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Nets roundup: new CEO, new court colors, and taking the New York narrative from the Knicks

There's a lot going on with the Brooklyn Nets, getting ready for a big year after what Bob Windrem (aka Net Income) of NetsDaily called "the greatest off-season in Nets history."

A new team CEO

They've hired David Levy, former president of Turner Media, as a replacement for Brett Yormark as CEO of the team. Here's the 9/18/19 press release, which notes that Levy also will be President of J Tsai Sports, the sports investment and holding vehicle controlled by team owner Joe Tsai, and join Tsai’s family office as a venture partner.

From the press release:
During his tenure, Levy was instrumental in expanding Turner’s sports media rights with a number of leagues and organizations, including the NBA, MLB, PGA of America and UEFA. In 2012, he led the efforts for Turner to acquire Bleacher Report.
The Daily News quoted Levy as saying stars Kyrie Irving and (the injured) Kevin Durant will drive ratings and revenue, helping the team and arena. (Will Durant come back this season? The Nets are being conservative and saying no, but it's not impossible.)

From the Daily News:
Levy said he met Tsai at a board of governors meeting for the National Lacrosse League. Tsai owns one of the league’s teams, the San Diego Seals, and Levy had negotiated a deal to stream its games on Bleacher Report Live.
Prokhorov wins big

Russian media outlet Tass, in a 9/20/19 interview with Mikhail Prokhorov upon selling the team and arena operator to Tsai, offered this quote:
"It’s been an amazing project from a business point of view," Prokhorov said in an interview with TASS. "I don’t know of another investment that has shown this kind of return in a relatively short period, so it was simply too good to pass up."
Still, to quote NetsDaily:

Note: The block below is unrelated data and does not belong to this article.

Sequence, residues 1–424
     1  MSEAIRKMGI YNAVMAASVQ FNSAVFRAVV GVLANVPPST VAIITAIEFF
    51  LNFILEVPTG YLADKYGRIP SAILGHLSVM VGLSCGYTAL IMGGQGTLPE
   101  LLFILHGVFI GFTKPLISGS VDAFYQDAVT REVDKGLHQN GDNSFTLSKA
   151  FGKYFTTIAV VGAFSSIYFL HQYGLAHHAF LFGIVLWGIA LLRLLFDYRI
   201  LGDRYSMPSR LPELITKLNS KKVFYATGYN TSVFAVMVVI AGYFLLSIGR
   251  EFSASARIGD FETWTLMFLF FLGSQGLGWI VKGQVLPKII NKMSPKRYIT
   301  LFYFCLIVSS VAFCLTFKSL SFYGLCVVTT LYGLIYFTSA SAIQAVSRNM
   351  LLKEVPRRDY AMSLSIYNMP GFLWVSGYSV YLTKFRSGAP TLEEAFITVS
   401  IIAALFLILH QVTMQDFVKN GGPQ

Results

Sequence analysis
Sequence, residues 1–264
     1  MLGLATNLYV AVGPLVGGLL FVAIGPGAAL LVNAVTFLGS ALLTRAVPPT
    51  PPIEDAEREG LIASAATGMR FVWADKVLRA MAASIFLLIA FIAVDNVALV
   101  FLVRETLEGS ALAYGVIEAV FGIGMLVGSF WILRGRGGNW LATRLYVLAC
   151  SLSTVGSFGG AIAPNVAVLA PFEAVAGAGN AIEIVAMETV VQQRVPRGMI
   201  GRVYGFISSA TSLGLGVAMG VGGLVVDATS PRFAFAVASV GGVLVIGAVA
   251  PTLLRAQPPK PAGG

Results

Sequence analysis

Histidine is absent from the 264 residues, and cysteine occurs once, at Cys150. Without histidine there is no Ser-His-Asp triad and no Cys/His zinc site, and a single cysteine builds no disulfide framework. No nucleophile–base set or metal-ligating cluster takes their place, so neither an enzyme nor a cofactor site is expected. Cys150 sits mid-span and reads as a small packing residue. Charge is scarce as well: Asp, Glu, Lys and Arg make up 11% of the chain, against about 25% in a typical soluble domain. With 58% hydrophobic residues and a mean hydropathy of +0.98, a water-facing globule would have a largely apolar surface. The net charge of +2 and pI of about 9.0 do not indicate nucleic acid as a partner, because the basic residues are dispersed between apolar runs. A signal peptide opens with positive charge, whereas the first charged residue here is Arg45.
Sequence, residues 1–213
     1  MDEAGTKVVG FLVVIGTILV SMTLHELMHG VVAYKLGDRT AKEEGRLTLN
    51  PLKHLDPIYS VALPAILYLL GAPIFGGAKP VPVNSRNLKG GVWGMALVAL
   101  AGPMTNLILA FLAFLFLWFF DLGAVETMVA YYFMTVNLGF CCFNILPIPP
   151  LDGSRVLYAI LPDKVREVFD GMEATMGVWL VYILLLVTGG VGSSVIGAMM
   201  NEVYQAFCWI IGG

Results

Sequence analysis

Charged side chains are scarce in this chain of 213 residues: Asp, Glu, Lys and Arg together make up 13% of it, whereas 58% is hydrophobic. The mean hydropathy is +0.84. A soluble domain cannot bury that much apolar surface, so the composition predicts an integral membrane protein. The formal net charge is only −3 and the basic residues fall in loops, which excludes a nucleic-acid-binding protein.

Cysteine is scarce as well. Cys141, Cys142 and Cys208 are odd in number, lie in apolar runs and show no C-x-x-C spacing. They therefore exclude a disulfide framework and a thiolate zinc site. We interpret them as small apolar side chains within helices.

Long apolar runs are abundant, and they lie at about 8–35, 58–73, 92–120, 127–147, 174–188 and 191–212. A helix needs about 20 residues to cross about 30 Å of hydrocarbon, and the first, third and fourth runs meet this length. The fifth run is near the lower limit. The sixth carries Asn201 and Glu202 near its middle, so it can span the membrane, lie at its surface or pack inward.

One last question is what will Prokhorov do with this other New York assets: Nassau Coliseum, the Brooklyn Paramount Theater and Webster Hall in Manhattan. It appears that Prokhorov is willing to sell the three venues, too. The Coliseum property is actually a lease of the arena and the 77 acres surrounding it. Prokhorov holds the rights to build out the property as a multi-use development.
Lording it over the Knicks

They're offering 10,000 Kyrie Irving jerseys when the Knicks--long the dominant New York team but stuck in an eternal doldrums, unable to attract free agents--come to visit.

Wrote Newsday's Barbara Barker:
It was no secret that the Knicks had been gunning for these two players all season. By coming in and stealing their cheese, the Nets confirmed what we all sort of suspected: This generation of players, just like this generation of fans, doesn’t care all that much about tradition. They would rather be a part of a Brooklyn startup than a legacy franchise.

Still, the Post's George Willis offered a warning about hype:
Let face it, until Durant gets on the court — which could be a year from now — the Nets are going to be a work in progress. Expect some struggles early in the season as at least eight new players learn to play alongside each other.
New court colors

The Nets have a new court, replacing black-and-white with gray, reports ESPN:
But [GM Sean] Marks wanted change, to put his artistic imprint on the franchise he has helped reinvent, and he had a radical idea: a gray floor meant to evoke blacktop courts, the streets of Brooklyn, and the borough's "industrial vibe," he says. Gray has been on the fringes of the team's Brooklyn-era palette, including on the alternate Brooklyn Dodgers-themed uniforms they wore in past seasons.

Also, writes Zach Lowe:
The court will be a little splashier on nights when Brooklyn wears The Notorious B.I.G.-inspired city edition jerseys with multicolored trim meant to mimic the legendary rapper's Coogi sweaters. (Those jerseys will be white this season, the team says. They were black last season.) That trim, which the teams calls "Brooklyn Camo," will ring some of the boundarie.